REVIEW ARTICLE


Appropriate Use of Oxygen Delivery Devices



Sofia Batool, Rakesh Garg*
Department of Onco-Anaesthesiology, Pain and Palliative Medicine, Dr BRAIRCH, AIIMS, New Delhi, India


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© 2017 Batool and Garg.

open-access license: This is an open access article distributed under the terms of the Creative Commons Attribution 4.0 International Public License (CC-BY 4.0), a copy of which is available at: (https://creativecommons.org/licenses/by/4.0/legalcode). This license permits unrestricted use, distribution, and reproduction in any medium, provided the original author and source are credited.

* Address correspondence to this author at the Department of Onco-Anaesthesiology, Pain and Palliative Care, Dr BRAIRCH, All India Institute of Medical Sciences, Room No. 139, Ist floor, Ansari Nagar, New Delhi-110029, India; Tel: +91 9810394950, +91 9868398335; E-mail: drrgarg@hotmail.com


Abstract

Oxygen supplementation is one of the commonest drugs required for a patient in hospital. Appropriate oxygen supplementation as per the requirement of the patient is essential. This requires optimal oxygen delivery device from the vast armamentarium. This requires understanding basics of oxygen delivery devices and its appropriate selection. This review describes various commonly available devices. The author would also propose a chart for aiding oxygen delivery devices based on the existing literature.

Keywords: Oxygen, Devices, Hypoxemia, Oxygen therapy, Oxygen delivery.



1. INTRODUCTION

Oxygen therapy may be defined as the administration of oxygen to a patient at an inspired concentration greater than that of oxygen concentration in ambient air. Oxygen therapy is one of the important parts of therapy for treating hypoxemia and widely used across a whole range of specialties. Oxygen is a drug. It should not be given, it should be prescribed. So, it mandates to be used cautiously but also no patient should be devoid of it when required and indicated [1-3]. This requires understanding of the oxygen delivery devices itself and thus the correct use of various gadgets available in oxygen therapy armamentarium [4, 5].

2. OXYGEN DELIVERY DEVICES

There is a wide range of oxygen delivery devices broadly divided into the low flow oxygen devices and the high flow oxygen devices Table 1. The low flow devices consist of the nasal cannula, simple face mask, partial rebreathing mask and the non-rebreathing mask. The high flow oxygen delivery devices consist of venturi masks, oxygen tent and oxygen hood.

Table 1. The flow rate and approximate for different FiO2 oxygen delivery devices:
Oxygen delivery devices Flow rate (litre/min) Approximate FiO2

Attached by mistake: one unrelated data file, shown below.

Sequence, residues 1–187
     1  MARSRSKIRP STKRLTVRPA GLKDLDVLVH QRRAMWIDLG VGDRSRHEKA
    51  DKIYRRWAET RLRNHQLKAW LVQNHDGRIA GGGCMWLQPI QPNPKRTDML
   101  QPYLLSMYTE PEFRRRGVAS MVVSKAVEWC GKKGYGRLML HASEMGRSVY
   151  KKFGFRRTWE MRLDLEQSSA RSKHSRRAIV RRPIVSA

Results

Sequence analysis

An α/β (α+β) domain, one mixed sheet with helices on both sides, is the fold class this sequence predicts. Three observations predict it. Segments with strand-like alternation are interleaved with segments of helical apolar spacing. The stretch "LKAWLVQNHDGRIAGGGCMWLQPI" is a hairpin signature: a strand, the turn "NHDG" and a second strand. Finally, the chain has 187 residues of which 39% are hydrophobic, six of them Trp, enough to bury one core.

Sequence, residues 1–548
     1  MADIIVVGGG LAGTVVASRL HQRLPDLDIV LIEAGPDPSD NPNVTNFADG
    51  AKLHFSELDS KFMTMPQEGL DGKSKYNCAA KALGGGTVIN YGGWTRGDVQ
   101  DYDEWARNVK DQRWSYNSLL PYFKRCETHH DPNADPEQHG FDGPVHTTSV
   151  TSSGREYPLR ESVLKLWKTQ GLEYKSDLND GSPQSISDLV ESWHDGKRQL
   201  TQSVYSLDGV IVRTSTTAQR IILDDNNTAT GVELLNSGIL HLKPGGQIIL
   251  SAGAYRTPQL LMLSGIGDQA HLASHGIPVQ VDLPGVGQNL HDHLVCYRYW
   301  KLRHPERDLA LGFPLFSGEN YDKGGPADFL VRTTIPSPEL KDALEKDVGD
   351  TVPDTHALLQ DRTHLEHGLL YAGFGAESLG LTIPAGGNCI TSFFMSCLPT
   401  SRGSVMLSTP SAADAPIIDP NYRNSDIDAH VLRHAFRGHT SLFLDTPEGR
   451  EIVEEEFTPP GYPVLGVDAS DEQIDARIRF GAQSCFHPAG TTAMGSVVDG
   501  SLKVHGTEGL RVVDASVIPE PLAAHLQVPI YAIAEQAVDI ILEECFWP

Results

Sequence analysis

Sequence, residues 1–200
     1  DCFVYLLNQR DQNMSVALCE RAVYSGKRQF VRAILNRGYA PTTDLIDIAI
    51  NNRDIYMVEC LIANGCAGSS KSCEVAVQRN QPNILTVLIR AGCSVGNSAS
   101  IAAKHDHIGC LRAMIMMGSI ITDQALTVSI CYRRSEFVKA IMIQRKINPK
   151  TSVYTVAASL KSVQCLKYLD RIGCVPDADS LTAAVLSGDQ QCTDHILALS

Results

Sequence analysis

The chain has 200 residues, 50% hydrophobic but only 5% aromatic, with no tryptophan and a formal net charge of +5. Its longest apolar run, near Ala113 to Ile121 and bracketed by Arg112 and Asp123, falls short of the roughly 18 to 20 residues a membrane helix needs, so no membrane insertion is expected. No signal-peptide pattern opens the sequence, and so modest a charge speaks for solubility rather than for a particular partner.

Nasal cannula 1-6 0.24-0.44
Simple face mask 5-8 0.40-0.60
Partial rebreathing mask 6-10 0.60-0.80
Non rebreathing mask 10-15 0.90-1.00
Venturi mask 2-15 0.24-0.60

Nasal cannulas are most commonly used in our day to day practice. Usually, patients are more comfortable with the nasal cannula but we should keep in mind if the fraction of inspired oxygen (FiO2) delivered by the nasal cannula is sufficient for the patient. The maximum fraction of inspired oxygen (FiO2) provided by the nasal cannula is 0.44 at flow of 6 L/min. With further increase in flow, there is no further increase in FiO2.Appropriate devices and flow rates should be used in order to achieve target range of oxygen saturation for the patient. Prolonged use of nasal cannula may lead to drying of mucosa and crusting of secretions and may lead to epistaxis.

Simple face mask provides an additional reservoir of 100-200mL of oxygen. It can provide a FiO2of up to 0.6 to the patient. The flow rate must be a minimum of 5 L/min to prevent rebreathing and prevent carbon dioxide (CO2) accumulation. It has an advantage of being light weight and simple to use but it needs to be removed while eating and speaking. It is difficult to get a proper seal in patients with Ryle’s tube. It cannot be used in patients with facial injury and burns. If the face mask moves up accidentally towards the eyes, then it may lead to irritation and dryness of eyes.

Partial rebreathing and non-rebreathing masks have reservoir bag attached to the mask which provides additional reservoir volume. In partial rebreathing masks, as the name suggests some amount of rebreathing is allowed. Exhaled oxygen from the anatomic dead space which does not take part in gas exchange gets collected in the reservoir bag. This is especially helpful in situations where oxygen supply is less and conservation of oxygen would be helpful. Partial rebreathing mask delivers a FiO2 between 0.6 and 0.8. Reservoir bag must remain inflated throughout to ensure the delivery of highest FiO2 with adequate CO2 evacuation. For this, fresh gas flows of more than 8 L/min is required. Non-rebreathing masks have additional valves to the partial rebreathing masks. The valves allow unidirectional flow of gases. The flutter valves on the side ports prevent room air entrainment. The exhaled gases are prevented from entering the reservoir bag by incorporating a valve between the mask and the reservoir bag. It can provide the highest FiO2of 0.9 to 1.0 without intubation at fresh gas flow of 12 – 15 L/min. Prolonged use can be uncomfortable for the patient as it requires a tight seal and the entire equipment is heavy. Malfunction of the equipment may lead to CO2 build up and suffocation.